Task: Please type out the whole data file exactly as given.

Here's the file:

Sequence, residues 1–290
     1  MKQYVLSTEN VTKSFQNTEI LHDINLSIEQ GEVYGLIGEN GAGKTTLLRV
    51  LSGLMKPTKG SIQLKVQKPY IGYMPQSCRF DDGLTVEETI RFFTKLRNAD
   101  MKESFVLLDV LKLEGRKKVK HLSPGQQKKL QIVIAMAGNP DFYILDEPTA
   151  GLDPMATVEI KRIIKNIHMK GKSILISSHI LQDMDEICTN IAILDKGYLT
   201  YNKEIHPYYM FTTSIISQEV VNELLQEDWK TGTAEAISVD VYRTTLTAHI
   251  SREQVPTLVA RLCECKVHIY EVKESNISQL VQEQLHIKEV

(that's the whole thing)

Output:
Sequence, residues 1–290
     1  MKQYVLSTEN VTKSFQNTEI LHDINLSIEQ GEVYGLIGEN GAGKTTLLRV
    51  LSGLMKPTKG SIQLKVQKPY IGYMPQSCRF DDGLTVEETI RFFTKLRNAD
   101  MKESFVLLDV LKLEGRKKVK HLSPGQQKKL QIVIAMAGNP DFYILDEPTA
   151  GLDPMATVEI KRIIKNIHMK GKSILISSHI LQDMDEICTN IAILDKGYLT
   201  YNKEIHPYYM FTTSIISQEV VNELLQEDWK TGTAEAISVD VYRTTLTAHI
   251  SREQVPTLVA RLCECKVHIY EVKESNISQL VQEQLHIKEV